Looking for a quick-n-easy way to build a small CNC, I was wondering
using the rails and slide from tile cutters.
The better ones have chromed/stainless steel rails and linear ball bearings.
What say you? Just a few examples -
Why would these be any worse than, black pipe and skate bearings?
the bigges issue with them , for long spans there" unsupported rail",
add stepper "motor torque", " spindle force" and "cutting forces" excelerations ramps up and down speeds... you may find they work.... but they "will flex" ... so you must decide if you can live with that?
The linear bearing slides are generally much better than black iron pipe and skate bearings. These tile cutter shafts are supported at each end only, therefore they will flex, and the amount of flex may or may not be of concern to you depending on what you want to use them for. The linear bearings on these shafts do not allow for fully supporting the shafts to prevent the flexing issues.
Though people use unsupported shafts for many successful builds in these and other forums, it is not the best mechanical method to use. This is the only issue that I saw with these shafts.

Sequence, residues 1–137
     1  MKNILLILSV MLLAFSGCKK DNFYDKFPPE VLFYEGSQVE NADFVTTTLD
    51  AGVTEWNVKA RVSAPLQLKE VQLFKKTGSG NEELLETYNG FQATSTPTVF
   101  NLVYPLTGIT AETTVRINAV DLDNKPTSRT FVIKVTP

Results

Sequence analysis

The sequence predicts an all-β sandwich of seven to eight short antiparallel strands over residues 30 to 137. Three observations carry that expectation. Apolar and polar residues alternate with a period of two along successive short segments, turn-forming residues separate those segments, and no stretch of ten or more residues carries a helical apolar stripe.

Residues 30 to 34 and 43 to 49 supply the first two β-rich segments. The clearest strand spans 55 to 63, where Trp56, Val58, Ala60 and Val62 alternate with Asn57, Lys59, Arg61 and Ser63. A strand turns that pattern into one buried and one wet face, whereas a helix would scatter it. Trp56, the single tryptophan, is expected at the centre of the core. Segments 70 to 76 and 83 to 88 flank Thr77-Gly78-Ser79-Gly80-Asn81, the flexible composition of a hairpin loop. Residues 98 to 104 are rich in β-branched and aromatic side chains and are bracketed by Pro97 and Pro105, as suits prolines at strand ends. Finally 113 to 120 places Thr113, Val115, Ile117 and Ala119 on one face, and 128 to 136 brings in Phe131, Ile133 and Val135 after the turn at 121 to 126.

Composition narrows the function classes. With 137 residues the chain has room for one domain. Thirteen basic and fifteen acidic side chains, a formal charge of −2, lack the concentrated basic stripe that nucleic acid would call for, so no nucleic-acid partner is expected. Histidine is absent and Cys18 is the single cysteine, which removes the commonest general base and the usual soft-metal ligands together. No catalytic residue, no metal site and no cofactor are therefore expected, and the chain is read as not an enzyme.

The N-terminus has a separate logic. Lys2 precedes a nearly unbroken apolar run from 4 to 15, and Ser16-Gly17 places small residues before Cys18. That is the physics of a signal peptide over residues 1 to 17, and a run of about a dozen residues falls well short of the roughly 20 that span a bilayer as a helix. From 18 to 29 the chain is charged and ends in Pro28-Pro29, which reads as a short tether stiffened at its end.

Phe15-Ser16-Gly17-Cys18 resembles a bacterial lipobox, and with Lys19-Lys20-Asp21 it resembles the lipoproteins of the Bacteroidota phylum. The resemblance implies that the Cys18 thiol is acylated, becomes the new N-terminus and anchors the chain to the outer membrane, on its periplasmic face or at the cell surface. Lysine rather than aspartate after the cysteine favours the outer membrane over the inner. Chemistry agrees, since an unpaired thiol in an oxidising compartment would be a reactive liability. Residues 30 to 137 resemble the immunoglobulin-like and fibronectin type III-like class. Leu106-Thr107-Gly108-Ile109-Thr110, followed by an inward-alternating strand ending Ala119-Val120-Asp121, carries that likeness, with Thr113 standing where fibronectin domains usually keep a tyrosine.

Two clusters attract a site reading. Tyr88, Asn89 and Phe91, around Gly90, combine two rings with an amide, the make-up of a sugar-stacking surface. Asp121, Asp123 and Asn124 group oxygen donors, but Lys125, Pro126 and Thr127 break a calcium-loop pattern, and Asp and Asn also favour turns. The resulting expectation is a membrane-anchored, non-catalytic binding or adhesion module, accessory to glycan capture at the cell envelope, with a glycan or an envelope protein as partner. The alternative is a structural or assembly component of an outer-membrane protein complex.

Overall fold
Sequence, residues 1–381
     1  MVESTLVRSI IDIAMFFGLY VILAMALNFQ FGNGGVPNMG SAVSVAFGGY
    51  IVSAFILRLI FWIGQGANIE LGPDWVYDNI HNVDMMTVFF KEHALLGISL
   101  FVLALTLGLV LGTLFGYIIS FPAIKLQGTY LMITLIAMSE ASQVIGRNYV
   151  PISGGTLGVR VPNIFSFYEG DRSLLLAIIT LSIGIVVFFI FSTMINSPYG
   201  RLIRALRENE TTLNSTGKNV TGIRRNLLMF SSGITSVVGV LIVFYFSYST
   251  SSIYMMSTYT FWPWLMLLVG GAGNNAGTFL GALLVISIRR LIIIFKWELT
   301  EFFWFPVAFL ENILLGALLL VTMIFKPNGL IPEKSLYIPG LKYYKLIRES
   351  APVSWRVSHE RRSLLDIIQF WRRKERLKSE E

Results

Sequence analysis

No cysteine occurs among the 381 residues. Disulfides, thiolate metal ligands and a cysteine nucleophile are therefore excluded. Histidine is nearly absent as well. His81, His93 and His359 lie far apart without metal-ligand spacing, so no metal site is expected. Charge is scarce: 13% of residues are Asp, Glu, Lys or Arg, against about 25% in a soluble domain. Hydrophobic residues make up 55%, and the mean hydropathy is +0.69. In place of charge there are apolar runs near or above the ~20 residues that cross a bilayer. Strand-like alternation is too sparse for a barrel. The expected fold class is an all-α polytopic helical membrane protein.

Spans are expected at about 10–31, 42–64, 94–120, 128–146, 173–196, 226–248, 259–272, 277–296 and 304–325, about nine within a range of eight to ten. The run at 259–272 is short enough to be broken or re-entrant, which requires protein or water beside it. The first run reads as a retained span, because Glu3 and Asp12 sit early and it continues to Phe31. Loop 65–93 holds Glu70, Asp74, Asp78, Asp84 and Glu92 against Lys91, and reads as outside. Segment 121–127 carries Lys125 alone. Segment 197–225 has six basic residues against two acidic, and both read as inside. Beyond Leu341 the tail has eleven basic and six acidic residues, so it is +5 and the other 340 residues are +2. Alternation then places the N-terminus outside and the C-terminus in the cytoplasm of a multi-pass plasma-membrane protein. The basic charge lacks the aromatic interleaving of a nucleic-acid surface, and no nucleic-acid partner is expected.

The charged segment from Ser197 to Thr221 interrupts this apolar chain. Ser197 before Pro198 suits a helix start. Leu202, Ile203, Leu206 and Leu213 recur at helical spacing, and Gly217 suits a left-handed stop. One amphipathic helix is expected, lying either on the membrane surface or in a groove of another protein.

Didn't mean to cause trouble, just wondered why no one seems to question the pipe and skate bearings.
The underside of gas/ cold rolled pipes can be supported via the skate bearing design, the bearing on most tile cutter use 360 degree linear bearing, any support under the pipe would limit the travel with this type of linear bearing. Thus your limited .... with unsupported rail system with flex.
I actually thought about the tile cutter while looking for a easy, ready-made Y-axis,
for a small CNC with a small span for PCB and other small engraving.
If you want to build a small 3 axis engraving machine with the tile cutter rails you will need two tile cutters to get enough rails. Otherwise, the tile cutter rails should work fine.
quadtech's idea of using the tile cutter rails for a Z axis sounds like a good use for them.